At a time when the cold-averse among us would be just as happy to hunker down indoors from October to April, we have to admit that seasonal affective disorder can be exacerbated or accelerated in these conditions. When mood goes down, depression can rise, and even simple motivation can begin to flag. Just seeing a little bit of sunshine every day, even when there’s a nip or more in the air, can make all the difference for you and your kids feeling “on track” during the winter months.
Happy parents and grandparents and happy kids equal easier times around the home especially when we’re otherwise staying home way more than usual. So getting a little kiss from the sun every day (whenever possible) is another great reason to make getting out and about in the cold a regular part of your routine.
3. Life is an Adventure
As I wrote above, a simple shift in attitude from “I have to,” to “I get to,” can make any thing we do feel less daunting, and more like an opportunity.
Raking leaves can go from being a yard clean up chore to being a chance for running and jumping and flopping and even photo-opping outdoors. Nothing is as Instagrammable as a pile of kids in a pile of colorful leaves! And you usually warm up from both the chore and the play.
Getting a walk in on the weekend can go from to-do list check-off to wilderness adventure simply by packing the whole family off for a nature walk on your local trails or to a state or national park. Enjoying brisk air and winter wildlife can turn daily step counts into meaningful nature lessons, conversations, and things to do afterward instead.
Maybe you see larger birds of prey, or the white tail of a deer, maybe you collect pine cones for winter crafts, pick up some interesting leaves (where allowed) or spy fungi on a tree. All of these are perfect opportunities for family talks and encouraging kids to “look it up,” when we get home if you don’t know the answer. Life is not all about the busy lake, the vibrant beach, and the active game field — it’s also about the mysterious forest, the climbable rocks, and the whisper of quiet on a meadow.
We do have to sometimes push ourselves to do these activities in cold weather. But that push — making the effort, taking that first step, rinsing and repeating, can refashion our lives into new and powerful routines, habits that help us and our kids form a lifelong relationship to the outdoors while setting the tone for more and more adventures going forward.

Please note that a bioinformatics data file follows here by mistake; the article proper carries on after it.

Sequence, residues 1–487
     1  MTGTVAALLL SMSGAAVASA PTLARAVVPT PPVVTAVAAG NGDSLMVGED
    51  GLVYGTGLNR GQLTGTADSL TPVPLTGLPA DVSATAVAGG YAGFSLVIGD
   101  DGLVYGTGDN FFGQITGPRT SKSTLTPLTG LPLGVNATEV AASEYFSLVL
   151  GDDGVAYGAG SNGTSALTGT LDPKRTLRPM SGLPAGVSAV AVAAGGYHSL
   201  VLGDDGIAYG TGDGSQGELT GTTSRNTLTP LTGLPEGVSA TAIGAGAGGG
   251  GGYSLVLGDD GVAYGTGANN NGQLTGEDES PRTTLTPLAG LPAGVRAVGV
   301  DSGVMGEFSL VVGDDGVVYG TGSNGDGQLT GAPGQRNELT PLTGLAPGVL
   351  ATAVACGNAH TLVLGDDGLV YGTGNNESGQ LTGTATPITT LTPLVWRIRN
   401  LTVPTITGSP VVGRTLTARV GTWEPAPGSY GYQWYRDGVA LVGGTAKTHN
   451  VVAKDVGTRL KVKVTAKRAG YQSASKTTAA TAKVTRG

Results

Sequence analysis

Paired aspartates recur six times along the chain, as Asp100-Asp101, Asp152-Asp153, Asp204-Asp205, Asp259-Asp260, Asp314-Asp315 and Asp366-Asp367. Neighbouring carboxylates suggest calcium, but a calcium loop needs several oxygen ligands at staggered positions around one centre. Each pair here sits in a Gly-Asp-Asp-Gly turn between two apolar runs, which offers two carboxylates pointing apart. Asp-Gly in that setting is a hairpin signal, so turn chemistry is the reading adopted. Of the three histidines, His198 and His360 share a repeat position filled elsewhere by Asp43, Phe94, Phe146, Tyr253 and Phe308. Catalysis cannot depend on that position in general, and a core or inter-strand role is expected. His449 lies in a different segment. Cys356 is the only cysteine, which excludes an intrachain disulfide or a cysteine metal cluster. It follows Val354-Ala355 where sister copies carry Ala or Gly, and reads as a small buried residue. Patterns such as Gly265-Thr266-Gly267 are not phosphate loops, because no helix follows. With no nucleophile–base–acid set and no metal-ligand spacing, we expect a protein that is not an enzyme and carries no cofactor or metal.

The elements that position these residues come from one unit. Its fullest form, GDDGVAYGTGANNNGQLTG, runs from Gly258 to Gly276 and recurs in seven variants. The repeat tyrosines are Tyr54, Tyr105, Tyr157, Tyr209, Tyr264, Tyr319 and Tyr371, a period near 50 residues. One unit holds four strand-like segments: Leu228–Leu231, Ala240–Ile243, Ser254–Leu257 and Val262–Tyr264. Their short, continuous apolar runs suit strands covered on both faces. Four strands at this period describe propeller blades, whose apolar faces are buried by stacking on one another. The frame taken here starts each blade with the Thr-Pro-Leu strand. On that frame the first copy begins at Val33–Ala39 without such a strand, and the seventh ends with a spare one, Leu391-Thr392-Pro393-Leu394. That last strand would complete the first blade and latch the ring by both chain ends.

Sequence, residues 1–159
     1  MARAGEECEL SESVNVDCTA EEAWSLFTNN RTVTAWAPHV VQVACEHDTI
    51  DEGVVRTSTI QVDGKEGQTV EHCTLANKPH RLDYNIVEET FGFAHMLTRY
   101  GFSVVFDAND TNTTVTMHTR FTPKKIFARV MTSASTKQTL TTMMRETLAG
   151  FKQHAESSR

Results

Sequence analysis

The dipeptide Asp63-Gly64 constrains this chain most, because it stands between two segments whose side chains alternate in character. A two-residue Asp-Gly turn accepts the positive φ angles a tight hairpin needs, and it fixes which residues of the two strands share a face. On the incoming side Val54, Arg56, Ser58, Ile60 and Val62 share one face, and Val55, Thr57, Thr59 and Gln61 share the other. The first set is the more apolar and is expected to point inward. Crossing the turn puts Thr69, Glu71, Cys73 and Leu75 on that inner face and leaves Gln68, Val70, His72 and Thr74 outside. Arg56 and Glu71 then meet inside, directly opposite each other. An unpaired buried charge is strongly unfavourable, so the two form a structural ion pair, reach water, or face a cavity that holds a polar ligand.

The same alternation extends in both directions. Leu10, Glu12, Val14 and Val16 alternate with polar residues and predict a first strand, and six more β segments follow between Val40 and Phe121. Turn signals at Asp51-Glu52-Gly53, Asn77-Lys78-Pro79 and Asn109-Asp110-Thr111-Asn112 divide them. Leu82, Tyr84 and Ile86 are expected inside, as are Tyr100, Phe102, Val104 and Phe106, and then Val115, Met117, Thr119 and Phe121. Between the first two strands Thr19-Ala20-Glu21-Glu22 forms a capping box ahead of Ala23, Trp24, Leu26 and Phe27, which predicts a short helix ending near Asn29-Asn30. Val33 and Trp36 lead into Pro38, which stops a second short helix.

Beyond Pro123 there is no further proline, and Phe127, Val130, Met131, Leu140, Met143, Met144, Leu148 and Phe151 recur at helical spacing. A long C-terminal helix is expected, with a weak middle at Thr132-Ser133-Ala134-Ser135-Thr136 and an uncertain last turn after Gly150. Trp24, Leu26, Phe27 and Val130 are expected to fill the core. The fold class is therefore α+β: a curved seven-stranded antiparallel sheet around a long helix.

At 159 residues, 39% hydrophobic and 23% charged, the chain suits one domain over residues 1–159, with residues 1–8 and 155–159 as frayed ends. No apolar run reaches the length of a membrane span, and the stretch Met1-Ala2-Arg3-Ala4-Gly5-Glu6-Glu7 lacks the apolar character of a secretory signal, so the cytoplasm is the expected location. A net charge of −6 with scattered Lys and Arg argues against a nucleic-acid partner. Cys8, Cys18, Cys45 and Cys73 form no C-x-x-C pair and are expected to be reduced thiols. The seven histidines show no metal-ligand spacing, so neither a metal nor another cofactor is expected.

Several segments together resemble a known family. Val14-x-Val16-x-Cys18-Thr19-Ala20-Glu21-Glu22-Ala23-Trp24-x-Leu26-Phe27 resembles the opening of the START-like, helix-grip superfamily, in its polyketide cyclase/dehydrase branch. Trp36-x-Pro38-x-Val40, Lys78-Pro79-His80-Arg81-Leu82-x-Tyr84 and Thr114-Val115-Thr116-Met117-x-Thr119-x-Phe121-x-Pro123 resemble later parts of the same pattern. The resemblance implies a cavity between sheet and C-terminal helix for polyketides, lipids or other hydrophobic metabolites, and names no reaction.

This weekend a hike, next weekend ice skating, the next touch football on New Year’s Day. (And hey, let’s not forget hot apple cider or cocoa — or hearty soup — afterward!)
Learning to tolerate — or even LOVE — cold weather might mean your kid is the one who wants to learn to ski, snowboard, or gleefully enter the local snowman contest, all things that will keep her active, creative, and energized! Maybe they’ll become an alpine hiker, study abroad in Norway during college, or become that researcher who monitors one of the poles! 🙂
It doesn’t have to be that dramatic, of course, because even gentle, regular effort to put one’s self out there in all seasons builds the mind as well as the body and simply keeps life interesting.
But you have to begin by beginning — so go outside and play!
The Clothes Make the Man (Or Woman!)
One final note is on clothing. Obviously all of this cold weather cheerleading is dependent on making sure you’re well-equipped with the right gear for the right situation.
In all honesty, if you read that Post article on cold weather I cited above, it has a bunch of great Nordic-insider gear tips that I won’t repeat here.
What I will say is that this approach is indispensable at our summer camp.
At ‘Ghany we encourage rain boots and rain gear on the packing list and really hope most parents will prioritize them. The reality is that we shift gears but keep our activities going in the rain. And of course the girls need to get to the Dining Hall, the Play Hall for Evening Activities, and to the Johns whether rain or shine. Good bodily coverage makes a (no lightning) rain shower not a downer, but instead another way to splash, laugh, and play along the way.
And with the potential for Covid restrictions next summer, we may have to move through or be in the rain even more so that we’re physically spread out, and not all crowded into one small indoor space when it rains.
I’m reminded of the summer of 2015 when it rained Every. Single. Day…of First Term. No lie, 21 straight days of rain, and we all survived and it was its own form of memorable! Also the very first summer of Mini Camp in 2003, which was a total washout with rain the entire week! What a way to get to know camp! But many campers look back fondly and laugh about it now.
Life is, indeed, an adventure and some of it is unpredictable. We have to adapt, and be of good cheer.
I get to go to camp*. I get to take an early morning walk. I get to breathe in the brisk fresh winter air. I get to warm up my blood and stimulate my circulation with a run around the soccer field even in November.
I get to live this life, this beautiful, mysterious, wondrous life. And, “neither rain, nor snow, nor heat, nor gloom of night…” will stop us from finding the best — and making the best — of it all. You can’t throw cold water on a great attitude!
— Elizabeth Shreckhise, Director, Camp Alleghany for Girls
*If you want to learn more about the merits of sleepaway summer camp, download my FREE e-book, 3 Reasons to Begin Your Child’s Sleepaway Summer Camp Experience Early. It’s a great resource to share with friends, or if you are a first-time camp family and you wonder what sleepaway camp would be like for your child.